The Coalition of Eastern Shore Progressives, in conjunction with MoveOn.org and hundreds of other protest sites across the country, staged a rally in Salisbury. The purpose was trifold: 1) To show our support for the workers at the stimulus-money-funded bridge repair at Rt. 13 & Broad Street; 2) To demand that Congress tax the top 1% in order to fund additional infrastructure repair and rebuilding; and 3) To stand in solidarity with the Occupy Wall Street movement that has swept the country, and indeed, the world.
Even though it was cold and rainy, CESP was able to muster a small contingent of members to stand out there and chant, hold up signs and make their voices heard, loud and clear. At the start, it was a little slow, with more media than protesters present. But, by 12:30pm, more people showed up, enough to have the media want to cover what the protest rally was all about.
I have to say that the coverage of this event was excellent! The media has caught on that we are not going away and that we have something important to contribute to the national movement and discourse. Here are a few of the videos and articles that were generated by yesterday’s action.
This is the story put together by Cleo Greene, reporter at WBOC-TV:
This is the story put together by Ryan Hughes, reporter at WMDT-TV
Here is the website story put together by WMDT reporter, Ryan Hughes, in addition to the above video:
Salisbury Residents Join The “We Are The 99%” Rally
Posted: Nov 17, 2011 6:42 PM ESTUpdated: Nov 17, 2011 6:42 PM EST
WMDT 47 NEWS – The Occupy Movement started on Wall Street two months ago Thursday. Protests are still being held across the country and here on the Shore.”Jobs Not Cuts. Jobs Not Cuts,” said a small group of protesters in Salisbury.Mother nature may have dampened the groups turnout, but their message is still the same. The American Dream Movement and the Coalition of Eastern Shore Progressives are calling on Congress to allocate money for infrastructure to create jobs, and make Wall Street pay their fair share. “Our infrastructure is crumbling. We’ve already had bridges across the country collapse – people have been injured – people have died,” said Ron Pagano, the Coordinator of the group.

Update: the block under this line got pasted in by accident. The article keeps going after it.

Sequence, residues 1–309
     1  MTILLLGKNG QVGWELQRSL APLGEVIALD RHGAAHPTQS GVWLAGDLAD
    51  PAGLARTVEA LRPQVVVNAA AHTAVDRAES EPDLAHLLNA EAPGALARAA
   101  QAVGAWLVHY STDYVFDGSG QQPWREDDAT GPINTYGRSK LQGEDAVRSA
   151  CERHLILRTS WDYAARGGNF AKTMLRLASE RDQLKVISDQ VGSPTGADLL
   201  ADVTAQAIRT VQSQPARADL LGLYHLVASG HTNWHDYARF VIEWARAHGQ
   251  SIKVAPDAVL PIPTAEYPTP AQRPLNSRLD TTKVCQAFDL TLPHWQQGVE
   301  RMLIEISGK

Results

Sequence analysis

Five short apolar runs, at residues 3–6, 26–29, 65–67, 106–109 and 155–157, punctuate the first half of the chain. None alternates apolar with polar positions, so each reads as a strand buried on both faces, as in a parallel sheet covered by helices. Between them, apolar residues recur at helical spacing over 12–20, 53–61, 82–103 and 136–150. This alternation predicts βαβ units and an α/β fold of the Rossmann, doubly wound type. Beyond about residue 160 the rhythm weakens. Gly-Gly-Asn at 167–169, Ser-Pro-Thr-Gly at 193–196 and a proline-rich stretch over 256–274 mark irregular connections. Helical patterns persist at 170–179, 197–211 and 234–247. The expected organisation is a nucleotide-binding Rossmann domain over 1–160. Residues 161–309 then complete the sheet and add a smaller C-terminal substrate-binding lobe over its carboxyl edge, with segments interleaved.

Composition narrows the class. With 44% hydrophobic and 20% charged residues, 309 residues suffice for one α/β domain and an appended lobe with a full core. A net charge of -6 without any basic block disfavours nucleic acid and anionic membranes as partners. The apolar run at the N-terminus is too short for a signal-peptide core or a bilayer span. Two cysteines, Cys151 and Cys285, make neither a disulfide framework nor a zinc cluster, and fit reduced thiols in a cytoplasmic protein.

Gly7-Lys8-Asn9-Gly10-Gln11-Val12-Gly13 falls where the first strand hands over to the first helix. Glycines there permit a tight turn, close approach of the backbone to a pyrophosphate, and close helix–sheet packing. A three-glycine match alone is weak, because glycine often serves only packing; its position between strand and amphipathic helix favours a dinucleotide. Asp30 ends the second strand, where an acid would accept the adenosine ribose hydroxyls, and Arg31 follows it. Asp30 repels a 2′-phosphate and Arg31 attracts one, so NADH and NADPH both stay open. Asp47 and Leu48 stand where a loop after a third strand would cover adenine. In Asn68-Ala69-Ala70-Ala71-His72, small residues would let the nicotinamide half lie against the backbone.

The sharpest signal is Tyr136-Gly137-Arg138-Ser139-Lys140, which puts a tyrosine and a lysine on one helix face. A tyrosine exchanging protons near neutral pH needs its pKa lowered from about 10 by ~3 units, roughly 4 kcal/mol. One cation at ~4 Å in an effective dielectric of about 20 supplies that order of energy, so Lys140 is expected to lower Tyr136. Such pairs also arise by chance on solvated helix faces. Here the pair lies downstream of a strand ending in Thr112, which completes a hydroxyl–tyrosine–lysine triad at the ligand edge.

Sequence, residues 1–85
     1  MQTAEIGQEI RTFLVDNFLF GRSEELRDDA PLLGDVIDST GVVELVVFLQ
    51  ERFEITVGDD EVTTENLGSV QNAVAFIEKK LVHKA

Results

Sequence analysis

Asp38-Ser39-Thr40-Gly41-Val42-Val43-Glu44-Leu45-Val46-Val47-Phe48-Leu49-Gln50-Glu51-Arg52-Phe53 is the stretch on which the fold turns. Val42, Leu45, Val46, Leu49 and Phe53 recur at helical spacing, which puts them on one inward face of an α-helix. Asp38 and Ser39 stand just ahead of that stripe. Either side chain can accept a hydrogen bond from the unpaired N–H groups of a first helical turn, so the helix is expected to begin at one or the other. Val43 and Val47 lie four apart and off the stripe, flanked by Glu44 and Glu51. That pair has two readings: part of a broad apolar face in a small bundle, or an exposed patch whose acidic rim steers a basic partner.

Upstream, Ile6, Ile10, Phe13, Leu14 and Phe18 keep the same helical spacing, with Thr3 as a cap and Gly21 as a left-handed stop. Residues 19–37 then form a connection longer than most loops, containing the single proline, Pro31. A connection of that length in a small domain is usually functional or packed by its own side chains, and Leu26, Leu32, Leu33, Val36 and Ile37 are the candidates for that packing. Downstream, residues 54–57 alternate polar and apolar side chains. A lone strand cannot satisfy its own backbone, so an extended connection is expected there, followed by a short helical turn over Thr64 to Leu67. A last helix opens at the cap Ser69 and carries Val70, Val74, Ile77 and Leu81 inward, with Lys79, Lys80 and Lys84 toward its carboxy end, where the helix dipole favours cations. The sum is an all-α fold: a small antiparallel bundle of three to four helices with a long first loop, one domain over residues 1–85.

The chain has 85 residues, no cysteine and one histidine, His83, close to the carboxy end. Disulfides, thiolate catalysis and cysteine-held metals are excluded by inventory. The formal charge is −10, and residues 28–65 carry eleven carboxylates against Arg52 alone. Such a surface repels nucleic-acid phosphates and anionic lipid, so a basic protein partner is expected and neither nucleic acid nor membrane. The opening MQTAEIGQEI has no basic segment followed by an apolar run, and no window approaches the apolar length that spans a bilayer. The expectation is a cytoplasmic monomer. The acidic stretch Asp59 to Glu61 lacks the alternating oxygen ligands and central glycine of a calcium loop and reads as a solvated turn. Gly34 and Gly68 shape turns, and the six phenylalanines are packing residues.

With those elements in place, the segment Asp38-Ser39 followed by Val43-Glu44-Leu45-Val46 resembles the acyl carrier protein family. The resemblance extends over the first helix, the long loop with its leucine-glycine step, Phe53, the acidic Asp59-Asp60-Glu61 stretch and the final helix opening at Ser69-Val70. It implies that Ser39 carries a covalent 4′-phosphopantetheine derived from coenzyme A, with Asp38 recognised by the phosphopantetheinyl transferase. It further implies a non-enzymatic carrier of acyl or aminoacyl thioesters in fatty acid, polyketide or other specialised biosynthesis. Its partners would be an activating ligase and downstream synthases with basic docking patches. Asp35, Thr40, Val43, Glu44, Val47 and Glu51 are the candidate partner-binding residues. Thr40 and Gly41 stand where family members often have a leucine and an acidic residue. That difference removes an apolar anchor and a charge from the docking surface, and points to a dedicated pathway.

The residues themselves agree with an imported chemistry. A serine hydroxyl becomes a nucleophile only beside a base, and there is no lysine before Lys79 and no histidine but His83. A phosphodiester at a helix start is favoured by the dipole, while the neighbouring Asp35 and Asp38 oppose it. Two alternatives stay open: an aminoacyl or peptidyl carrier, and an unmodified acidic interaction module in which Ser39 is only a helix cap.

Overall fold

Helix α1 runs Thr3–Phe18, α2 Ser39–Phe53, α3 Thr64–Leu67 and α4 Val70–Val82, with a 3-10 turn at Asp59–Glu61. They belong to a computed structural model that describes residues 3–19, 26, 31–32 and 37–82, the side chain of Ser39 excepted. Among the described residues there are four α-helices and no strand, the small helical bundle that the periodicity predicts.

They are joining a nationwide day of action called, “We Are The 99%.” It’s in conjunction with the Occupy Wall Street protests happening across the country. People are coming out in the masses fueled by what they say are right-wing attacks on the middle class and the poor. “Through a unified voice – individually there’s not much we can do because we can’t be heard,” said Jon Hurst, who was protesting Thursday.
Now, they’re asking Congress to stand up for the 99 percent – instead of continuing an assault on the American Dream.
“They are more interested in bringing down a presidency than they are in helping the people in this country,” said Pagano. “This is not to be looked at as a PR stunt – this is something that is serious, that is going to make or break our country.”
Here is the story written by Jennifer Shutt, reporter for the Daily Times: